Allow a user to get information about specific domains

The following shows an example of a permissions policy that allows a user to list domains only in the us-east-2 region for account 123456789012 for any domain that starts with the name my.

{ "Version": "2012-10-17", "Statement": [ { "Effect": "Allow", "Action": "codeartifact:ListDomains", "Resource": "arn:aws:codeartifact:us-east-2:123456789012:domain/my*" } ] }

Allow a user to get information about specific repositories

The following shows an example of a permissions policy that allows a user to get information about repositories that end with test, including information about the packages in them. The user will not be able to publish, create, or delete resources.

The codeartifact:GetAuthorizationToken and sts:GetServiceBearerToken permissions are required to call the GetAuthorizationToken API.

{ "Version": "2012-10-17", "Statement": [ { "Effect": "Allow", "Action": [ "codeartifact:List*", "codeartifact:Describe*", "codeartifact:Get*", "codeartifact:Read*" ], "Resource": "arn:aws:codeartifact:*:*:repository/*/*test" }, { "Effect": "Allow", "Action": [ "codeartifact:List*", "codeartifact:Describe*" ], "Resource": "arn:aws:codeartifact:*:*:package/*/*test/*/*/*" }, { "Effect": "Allow", "Action": "sts:GetServiceBearerToken", "Resource": "*", "Condition": { "StringEquals": { "sts:AWSServiceName": "codeartifact.amazonaws.com" } } }, { "Effect": "Allow", "Action": "codeartifact:GetAuthorizationToken", "Resource": "*" } ] }

Limit authorization token duration

Users must authenticate to CodeArtifact with authorization tokens to publish or consume package versions. Authorization tokens are valid only during their configured lifetime. Tokens have a default lifetime of 12 hours. For more information on authorization tokens, see AWS CodeArtifact authentication and tokens.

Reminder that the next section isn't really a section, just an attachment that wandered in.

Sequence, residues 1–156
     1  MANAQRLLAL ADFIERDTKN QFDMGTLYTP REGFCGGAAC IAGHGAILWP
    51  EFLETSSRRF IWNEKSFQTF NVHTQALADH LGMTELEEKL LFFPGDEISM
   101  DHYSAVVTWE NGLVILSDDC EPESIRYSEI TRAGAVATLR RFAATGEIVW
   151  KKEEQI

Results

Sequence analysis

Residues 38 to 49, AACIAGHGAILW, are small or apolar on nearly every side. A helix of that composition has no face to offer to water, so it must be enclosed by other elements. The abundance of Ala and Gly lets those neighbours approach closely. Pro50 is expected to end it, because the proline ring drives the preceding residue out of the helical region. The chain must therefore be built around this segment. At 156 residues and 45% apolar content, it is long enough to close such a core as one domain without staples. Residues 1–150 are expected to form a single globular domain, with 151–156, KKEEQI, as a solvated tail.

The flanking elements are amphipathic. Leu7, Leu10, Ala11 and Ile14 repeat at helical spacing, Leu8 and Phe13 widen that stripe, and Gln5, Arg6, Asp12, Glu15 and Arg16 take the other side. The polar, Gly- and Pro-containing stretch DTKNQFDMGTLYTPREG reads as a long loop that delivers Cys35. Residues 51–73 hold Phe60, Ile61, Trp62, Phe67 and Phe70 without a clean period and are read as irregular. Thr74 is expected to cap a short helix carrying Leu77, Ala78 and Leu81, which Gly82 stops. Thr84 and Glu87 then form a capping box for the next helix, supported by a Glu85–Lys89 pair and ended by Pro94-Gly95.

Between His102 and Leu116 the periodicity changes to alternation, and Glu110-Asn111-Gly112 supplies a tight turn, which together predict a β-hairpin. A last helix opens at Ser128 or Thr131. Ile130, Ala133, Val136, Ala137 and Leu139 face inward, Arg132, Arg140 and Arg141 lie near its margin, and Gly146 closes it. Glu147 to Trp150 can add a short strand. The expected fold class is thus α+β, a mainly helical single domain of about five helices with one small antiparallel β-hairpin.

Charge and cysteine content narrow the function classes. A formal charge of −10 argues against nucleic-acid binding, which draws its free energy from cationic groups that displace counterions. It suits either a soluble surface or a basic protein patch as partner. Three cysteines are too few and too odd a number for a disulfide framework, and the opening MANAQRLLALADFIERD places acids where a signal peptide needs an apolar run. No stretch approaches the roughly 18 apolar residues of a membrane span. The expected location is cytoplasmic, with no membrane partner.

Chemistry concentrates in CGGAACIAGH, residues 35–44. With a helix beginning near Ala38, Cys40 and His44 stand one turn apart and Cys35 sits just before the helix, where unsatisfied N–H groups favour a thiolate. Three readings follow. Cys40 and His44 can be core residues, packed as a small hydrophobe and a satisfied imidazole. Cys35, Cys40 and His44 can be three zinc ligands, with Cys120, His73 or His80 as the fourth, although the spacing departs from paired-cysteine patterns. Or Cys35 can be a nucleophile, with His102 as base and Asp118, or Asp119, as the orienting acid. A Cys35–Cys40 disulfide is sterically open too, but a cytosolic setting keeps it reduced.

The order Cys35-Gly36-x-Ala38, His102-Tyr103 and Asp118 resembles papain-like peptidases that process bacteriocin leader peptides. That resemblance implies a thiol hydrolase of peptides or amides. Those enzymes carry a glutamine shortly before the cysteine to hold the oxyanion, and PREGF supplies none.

When fetching a token, users can configure the lifetime of the token. Valid values for the lifetime of an authorization token are 0, and any number between 900 (15 minutes) and 43200 (12 hours). A value of 0 will create a token with a duration equal to the user's role's temporary credentials.

Administrators can limit the valid values for the lifetime of an authorization token by using the sts:DurationSeconds condition key in the permissions policy attached to the user or group. If the user attempts to create an authorization token with a lifetime outside of the valid values, the token creation will fail.

The following example policies limit the possible durations of an authorization token created by CodeArtifact users.

Example policy: Limit token lifetime to exactly 12 hours (43200 seconds)

With this policy, users will only be able to create authorization tokens with a lifetime of 12 hours.

{ "Version": "2012-10-17", "Statement": [ { "Effect": "Allow", "Action": "codeartifact:*", "Resource": "*" }, { "Sid": "sts", "Effect": "Allow", "Action": "sts:GetServiceBearerToken", "Resource": "*", "Condition": { "NumericEquals": { "sts:DurationSeconds": 43200 }, "StringEquals": { "sts:AWSServiceName": "codeartifact.amazonaws.com" } } } ] }

Example policy: Limit token lifetime between 15 minutes and 1 hour, or equal to the user's temporary credentials period

With this policy, users will be able to create tokens that are valid between 15 minutes and 1 hour. Users will also be able to create a token that lasts the duration of their role's temporary credentials by specifying 0 for --durationSeconds.

{ "Version": "2012-10-17", "Statement": [ { "Effect": "Allow", "Action": "codeartifact:*", "Resource": "*" }, { "Sid": "sts", "Effect": "Allow", "Action": "sts:GetServiceBearerToken", "Resource": "*", "Condition": { "NumericLessThanEquals": { "sts:DurationSeconds": 3600 }, "StringEquals": { "sts:AWSServiceName": "codeartifact.amazonaws.com" } } } ] }